MT: Being a veteran, will you be more reluctant to commit to force?
PB: Part of what you get from having been in a conflict is the gravity of some of the forces they are playing with. What worries me most about the Iran situation isn’t so much the president’s intentions as the competence in the White House right now. The possibility they could initiate something that gets away from them. The dynamics over there could reach a point actually where the White House loses control of an escalation.
When you’ve deployed, you understand we have a military force for a reason. And we maintain the best fighting force in the world for a reason. We should be prepared to use it to defend the homeland, to prevent attacks on American soil and American interests and people. At the same time, you can’t be casual or careless about what is going on.
Those who served in the Afghanistan conflict understand just how hard it is to end a conflict. I thought I was one of the last guys turning off the lights when I left (in 2014). That was five years ago. We’re still arguing how to get out. It’s a reminder how difficult it is to wrap up a conflict once you’re in it.
MT: How do we get out of Afghanistan?
PB: To me, we can’t be the guarantors of full peace and prosperity for democracy over there. What we should do is do our part to support a democratically elected government that will be friendly to the U.S. That doesn’t mean an open-ended commitment of troops on the ground.
Sure, we can have intelligence capabilities. Sure, we can have special forces capabilities to prevent another attack on the homeland. But beyond that, I think it’s time to go. And what is very important now is that we step up conversations that are taking place with the Taliban to make sure the exit is as orderly as it can be ...
We have to wrap this (war) up. So my expectation is we will not have ground troops much longer than when I arrive in office.
MT: Does the U.S. troop presence in places like Korea and Germany need to be re-examined?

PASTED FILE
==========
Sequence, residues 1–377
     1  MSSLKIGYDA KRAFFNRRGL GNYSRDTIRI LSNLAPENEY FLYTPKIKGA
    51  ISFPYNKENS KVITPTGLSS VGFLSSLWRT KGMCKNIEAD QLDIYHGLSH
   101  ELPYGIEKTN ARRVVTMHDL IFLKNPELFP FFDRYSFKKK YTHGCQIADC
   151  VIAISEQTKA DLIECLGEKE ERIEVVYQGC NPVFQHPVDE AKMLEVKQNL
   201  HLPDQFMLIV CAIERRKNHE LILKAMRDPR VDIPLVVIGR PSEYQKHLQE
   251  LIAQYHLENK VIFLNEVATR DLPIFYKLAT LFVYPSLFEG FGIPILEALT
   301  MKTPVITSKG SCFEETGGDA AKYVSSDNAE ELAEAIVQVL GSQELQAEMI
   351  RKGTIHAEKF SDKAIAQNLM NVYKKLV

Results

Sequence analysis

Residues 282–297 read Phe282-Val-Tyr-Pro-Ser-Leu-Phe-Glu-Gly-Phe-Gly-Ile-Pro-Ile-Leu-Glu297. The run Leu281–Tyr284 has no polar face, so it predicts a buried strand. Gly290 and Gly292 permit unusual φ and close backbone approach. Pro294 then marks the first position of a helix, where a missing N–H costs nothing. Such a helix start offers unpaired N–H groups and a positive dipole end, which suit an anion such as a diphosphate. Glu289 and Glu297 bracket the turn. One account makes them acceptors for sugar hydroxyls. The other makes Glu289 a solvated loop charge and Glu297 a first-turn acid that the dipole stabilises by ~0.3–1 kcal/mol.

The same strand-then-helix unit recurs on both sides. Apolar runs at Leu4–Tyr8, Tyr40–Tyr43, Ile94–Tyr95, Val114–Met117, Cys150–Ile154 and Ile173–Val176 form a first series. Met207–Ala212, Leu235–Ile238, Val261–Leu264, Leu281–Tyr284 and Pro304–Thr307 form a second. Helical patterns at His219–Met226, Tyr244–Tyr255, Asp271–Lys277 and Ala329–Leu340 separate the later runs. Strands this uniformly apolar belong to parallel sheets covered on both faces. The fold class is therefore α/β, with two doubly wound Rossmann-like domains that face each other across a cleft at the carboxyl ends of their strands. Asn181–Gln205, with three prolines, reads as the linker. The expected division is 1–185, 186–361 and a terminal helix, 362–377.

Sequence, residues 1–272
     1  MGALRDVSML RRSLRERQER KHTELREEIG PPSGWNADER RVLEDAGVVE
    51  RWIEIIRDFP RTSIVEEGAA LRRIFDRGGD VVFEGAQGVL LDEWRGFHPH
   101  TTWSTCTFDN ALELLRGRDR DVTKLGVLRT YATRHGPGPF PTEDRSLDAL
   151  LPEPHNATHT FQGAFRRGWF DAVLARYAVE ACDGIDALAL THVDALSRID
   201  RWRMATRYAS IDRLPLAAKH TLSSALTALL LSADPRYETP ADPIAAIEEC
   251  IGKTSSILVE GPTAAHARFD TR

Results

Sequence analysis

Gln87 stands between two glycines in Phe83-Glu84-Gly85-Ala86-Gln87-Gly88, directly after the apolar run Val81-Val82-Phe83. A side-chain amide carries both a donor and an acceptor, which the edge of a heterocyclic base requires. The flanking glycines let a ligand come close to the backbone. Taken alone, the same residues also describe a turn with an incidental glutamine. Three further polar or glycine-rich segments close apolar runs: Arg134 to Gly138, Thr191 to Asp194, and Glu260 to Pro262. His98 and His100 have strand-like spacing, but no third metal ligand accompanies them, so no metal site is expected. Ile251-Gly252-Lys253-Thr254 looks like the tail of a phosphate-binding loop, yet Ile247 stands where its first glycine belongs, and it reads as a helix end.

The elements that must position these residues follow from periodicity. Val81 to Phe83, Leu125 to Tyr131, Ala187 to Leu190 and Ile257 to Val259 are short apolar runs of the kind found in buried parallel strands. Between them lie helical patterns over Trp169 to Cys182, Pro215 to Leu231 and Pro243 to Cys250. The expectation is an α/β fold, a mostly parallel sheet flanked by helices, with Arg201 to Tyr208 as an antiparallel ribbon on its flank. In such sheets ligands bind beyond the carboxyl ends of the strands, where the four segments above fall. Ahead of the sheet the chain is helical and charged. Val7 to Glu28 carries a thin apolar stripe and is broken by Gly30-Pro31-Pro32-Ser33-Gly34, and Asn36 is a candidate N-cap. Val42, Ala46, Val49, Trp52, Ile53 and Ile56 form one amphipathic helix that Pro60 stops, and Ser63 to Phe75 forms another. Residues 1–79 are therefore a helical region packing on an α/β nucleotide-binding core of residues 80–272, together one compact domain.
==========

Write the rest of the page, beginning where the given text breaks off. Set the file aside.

PB: I think we always evaluate it in the context of conditions. We don’t want to be everywhere forever. But we need the kind of forward deployment and operating force projection capability that comes from a presence around the world hosted by friendly countries that we have a good relationship.
What is frustrating about the tone the current president has struck is it makes it sound like we’re sort of victims, that there is resentment going on. The reality is that you can either lead the world or resent the rest of the world. But you can’t do both. It makes you look smaller if you are complaining all the time.
Of course we want our European allies to step up and produce more resources in the European security framework. That is an important priority. But we aren’t going to get there by going around complaining about how much we resent the fact that we’re in charge.
MT: Do you worry the military has gotten sucked into politics in a way that it hasn’t been in the past?
PB: Very much so. Individual service members have opinions and strong ones, and that’s fine. But when you put on the uniform, you put away your politics.
By the same token, the president ought to know that troops are not there to decorate his political ambitions. They’re there to defend the constitution with their lives. So when you see some of the things that go on — the treatment of the sailors on the USS John McCain, the use of troops as props on the border, even outside the military, the way the (memorial) wall at the CIA was allowed to be used as a backdrop. That’s something to honor people who gave their lives to this country, used as a backdrop for a political speech.